"We recognise it is likely as we work through what needs to happen with the information that comes out of the review, that someone with strong experience both in leadership and in leading cultural change will be a very important leader in the organisation," Peever said. "So Kevin's credentials in that respect helped the Board have very strong conviction about his appointment.
"There's no doubt when you look at the [MoU] process, we can all learn from that. But that said, the outcome for cricket has been a good outcome, and just let me reiterate we have professionalised the women, our men are the best-paid sportsmen in the country, and with the agreement of the ACA we have been able to now stream off some of the above expected revenues into grassroots. Those conversations are going on now. I refer to the foundation that has been set, and that's a very important part of that foundation."
In his corporate career, Roberts had some intriguing moments. He was still with Adidas when the company cut ties with CA as sponsor and supplier in 2011, leading to a deal with Asics. More recently, Roberts departed his role at 2XU to join CA in a fractious year for the sportswear brand, involving the collapse of its biggest US customer The Sports Authority. One of 2XU's biggest shareholders is Tanarra Capital, whose principal happens to be the Sport Australia chairman, John Wylie.
Among other issues for Roberts to tackle is the improvement of relationships between CA and its sponsors and broadcast partners. In the latter category, at least, there are fresh starts to be had with Seven and Fox Sports, both of which have bet big on cricket's reputation not being so damaged as to affect their chances of leveraging off a $1.18 billion broadcasting deal to draw eyeballs to their free-to-air, pay television and digital platforms.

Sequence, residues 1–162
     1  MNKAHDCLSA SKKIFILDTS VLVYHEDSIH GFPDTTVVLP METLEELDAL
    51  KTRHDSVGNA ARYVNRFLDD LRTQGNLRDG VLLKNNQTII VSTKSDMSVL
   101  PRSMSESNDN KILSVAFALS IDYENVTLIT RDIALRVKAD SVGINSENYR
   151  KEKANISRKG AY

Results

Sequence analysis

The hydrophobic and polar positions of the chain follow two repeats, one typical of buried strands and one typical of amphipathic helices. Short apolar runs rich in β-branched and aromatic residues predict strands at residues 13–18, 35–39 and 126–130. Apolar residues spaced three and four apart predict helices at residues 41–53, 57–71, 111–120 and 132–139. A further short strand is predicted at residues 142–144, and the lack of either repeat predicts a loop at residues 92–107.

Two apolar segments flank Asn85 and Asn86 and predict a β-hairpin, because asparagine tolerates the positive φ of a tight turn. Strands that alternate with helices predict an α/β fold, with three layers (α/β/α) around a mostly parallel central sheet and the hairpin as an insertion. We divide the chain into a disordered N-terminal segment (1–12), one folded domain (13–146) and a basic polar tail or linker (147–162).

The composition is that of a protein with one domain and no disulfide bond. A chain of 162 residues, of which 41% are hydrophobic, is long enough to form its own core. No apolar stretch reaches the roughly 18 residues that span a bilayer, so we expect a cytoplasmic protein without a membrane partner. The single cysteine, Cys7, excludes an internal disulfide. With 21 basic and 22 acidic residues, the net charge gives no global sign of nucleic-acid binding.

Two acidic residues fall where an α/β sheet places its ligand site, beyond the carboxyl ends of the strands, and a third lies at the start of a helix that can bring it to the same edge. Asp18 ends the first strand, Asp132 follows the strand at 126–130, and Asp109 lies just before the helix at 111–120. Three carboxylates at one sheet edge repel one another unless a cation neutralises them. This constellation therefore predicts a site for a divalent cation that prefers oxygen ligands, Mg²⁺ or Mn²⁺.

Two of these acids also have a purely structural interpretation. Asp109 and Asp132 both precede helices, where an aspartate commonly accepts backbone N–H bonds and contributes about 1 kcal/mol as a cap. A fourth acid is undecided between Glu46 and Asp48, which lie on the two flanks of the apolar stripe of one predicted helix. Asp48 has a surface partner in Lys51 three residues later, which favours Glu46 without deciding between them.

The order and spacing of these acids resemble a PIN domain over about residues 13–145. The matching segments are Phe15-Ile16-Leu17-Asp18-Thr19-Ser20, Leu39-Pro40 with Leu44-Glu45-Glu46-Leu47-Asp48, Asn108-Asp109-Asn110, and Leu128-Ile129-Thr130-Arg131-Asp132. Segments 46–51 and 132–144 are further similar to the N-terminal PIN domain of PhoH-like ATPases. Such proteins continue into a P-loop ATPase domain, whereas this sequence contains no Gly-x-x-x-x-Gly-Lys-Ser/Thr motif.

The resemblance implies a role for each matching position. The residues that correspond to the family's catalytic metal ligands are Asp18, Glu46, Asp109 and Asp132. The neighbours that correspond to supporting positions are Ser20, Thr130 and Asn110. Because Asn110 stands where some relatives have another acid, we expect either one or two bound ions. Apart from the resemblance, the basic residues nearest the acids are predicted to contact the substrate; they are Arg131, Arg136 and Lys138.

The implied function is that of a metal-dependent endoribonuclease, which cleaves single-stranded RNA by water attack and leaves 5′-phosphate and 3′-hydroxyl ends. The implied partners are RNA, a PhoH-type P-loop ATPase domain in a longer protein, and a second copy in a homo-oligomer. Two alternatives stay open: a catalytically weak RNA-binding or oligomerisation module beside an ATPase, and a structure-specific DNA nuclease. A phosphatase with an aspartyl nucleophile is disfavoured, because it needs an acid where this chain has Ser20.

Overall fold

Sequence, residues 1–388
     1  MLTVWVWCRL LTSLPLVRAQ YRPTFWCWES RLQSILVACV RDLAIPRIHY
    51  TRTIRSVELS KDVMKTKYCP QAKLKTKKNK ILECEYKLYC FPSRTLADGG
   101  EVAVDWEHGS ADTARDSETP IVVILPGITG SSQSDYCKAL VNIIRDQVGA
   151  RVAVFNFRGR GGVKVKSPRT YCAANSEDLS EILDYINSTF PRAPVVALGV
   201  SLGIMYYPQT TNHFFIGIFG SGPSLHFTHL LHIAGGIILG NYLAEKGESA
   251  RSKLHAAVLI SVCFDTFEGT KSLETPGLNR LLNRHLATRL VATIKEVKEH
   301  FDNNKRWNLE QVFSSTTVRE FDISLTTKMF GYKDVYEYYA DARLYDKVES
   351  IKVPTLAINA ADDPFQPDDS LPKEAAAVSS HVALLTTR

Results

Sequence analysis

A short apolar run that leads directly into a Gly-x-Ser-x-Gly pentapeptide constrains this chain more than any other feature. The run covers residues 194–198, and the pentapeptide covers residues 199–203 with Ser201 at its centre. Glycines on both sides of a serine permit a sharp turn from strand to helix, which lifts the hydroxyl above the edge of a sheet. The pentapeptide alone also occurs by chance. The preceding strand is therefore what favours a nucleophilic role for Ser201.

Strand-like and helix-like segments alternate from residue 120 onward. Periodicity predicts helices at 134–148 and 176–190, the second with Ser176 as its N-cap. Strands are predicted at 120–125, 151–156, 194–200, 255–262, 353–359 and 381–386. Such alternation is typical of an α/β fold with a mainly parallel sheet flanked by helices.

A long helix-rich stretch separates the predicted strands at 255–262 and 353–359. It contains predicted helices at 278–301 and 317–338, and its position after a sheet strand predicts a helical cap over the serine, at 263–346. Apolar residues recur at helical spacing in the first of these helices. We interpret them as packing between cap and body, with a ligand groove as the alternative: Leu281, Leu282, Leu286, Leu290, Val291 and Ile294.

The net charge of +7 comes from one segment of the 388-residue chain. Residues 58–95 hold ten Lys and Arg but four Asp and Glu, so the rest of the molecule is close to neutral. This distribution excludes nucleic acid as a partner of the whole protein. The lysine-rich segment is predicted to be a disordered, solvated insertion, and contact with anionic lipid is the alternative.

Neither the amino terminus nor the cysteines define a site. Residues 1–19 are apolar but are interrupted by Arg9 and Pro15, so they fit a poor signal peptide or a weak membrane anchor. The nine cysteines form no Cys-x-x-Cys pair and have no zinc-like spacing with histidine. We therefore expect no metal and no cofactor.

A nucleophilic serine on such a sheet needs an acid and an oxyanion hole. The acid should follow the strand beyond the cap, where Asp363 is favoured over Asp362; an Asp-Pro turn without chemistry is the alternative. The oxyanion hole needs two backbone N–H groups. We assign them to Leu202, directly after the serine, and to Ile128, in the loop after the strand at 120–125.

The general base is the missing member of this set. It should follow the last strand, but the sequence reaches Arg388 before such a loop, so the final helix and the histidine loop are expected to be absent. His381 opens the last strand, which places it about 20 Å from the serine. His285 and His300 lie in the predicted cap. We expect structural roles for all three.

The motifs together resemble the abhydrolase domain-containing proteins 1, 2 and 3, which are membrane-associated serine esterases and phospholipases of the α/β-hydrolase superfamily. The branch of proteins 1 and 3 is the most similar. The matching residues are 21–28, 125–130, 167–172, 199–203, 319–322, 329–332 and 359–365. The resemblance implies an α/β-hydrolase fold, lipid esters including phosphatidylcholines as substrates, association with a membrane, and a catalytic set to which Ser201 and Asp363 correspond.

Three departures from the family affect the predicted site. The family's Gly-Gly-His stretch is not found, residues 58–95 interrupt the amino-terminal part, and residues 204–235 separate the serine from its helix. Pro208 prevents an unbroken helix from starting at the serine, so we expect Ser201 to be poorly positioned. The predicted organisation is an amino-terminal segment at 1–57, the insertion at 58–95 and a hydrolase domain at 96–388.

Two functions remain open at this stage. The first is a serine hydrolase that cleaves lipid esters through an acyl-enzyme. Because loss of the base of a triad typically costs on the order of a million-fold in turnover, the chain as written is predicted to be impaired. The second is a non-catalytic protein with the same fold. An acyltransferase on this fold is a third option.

"I think the challenge is to unite the cricket community and build trust and respect from the level that it's at now, and we've got a great opportunity to do that," Roberts said. "We've got such a rich tapestry as a cricket community across the nation, and part of that rich tapestry is the diversity of views, the diversity of needs, the diversity of communities. It's a great opportunity to unite Australian cricket across all of that diversity, but that is a challenge and a compelling challenge.
"A saying that's very relevant to sport is things are rarely as good or as bad as they seem. That's very true coming out of the Cape Town incident, which was let's be honest a low point for our sport. But things are most certainly not as bad as they seem to some right now, and we push forward with optimism. Cricket is a game that embraces optimism, it's all about optimism and I'm sure the cricket community feels the same way. So I'd characterise cricket's relationship with its communities around the country as good, and we aspire to be great.
"We won't be perfect, but I absolutely promise that we'll be genuine in our intentions to build respect, build trust, and we'll try to bring fans and players closer together. Our players in the national men's and women's teams are outstanding young Australians, and we want to help other Australians understand more about those male and female players, just what great people they are, and at the same time help our players empathise with fans and what they're experiencing in the game. It's really all about bringing those two groups together."
Standing at the back of the room was Sutherland, who will formally exit his role at the CA AGM on October 25, more than 17 years after he was appointed in June 2001. "I am confident Kevin is ready to lead Australian cricket through the sport's next stage of growth," he said. "He has been a key member of our executive team over recent years and provided terrific support to me in my role. I congratulate him on his appointment and wish him the very best."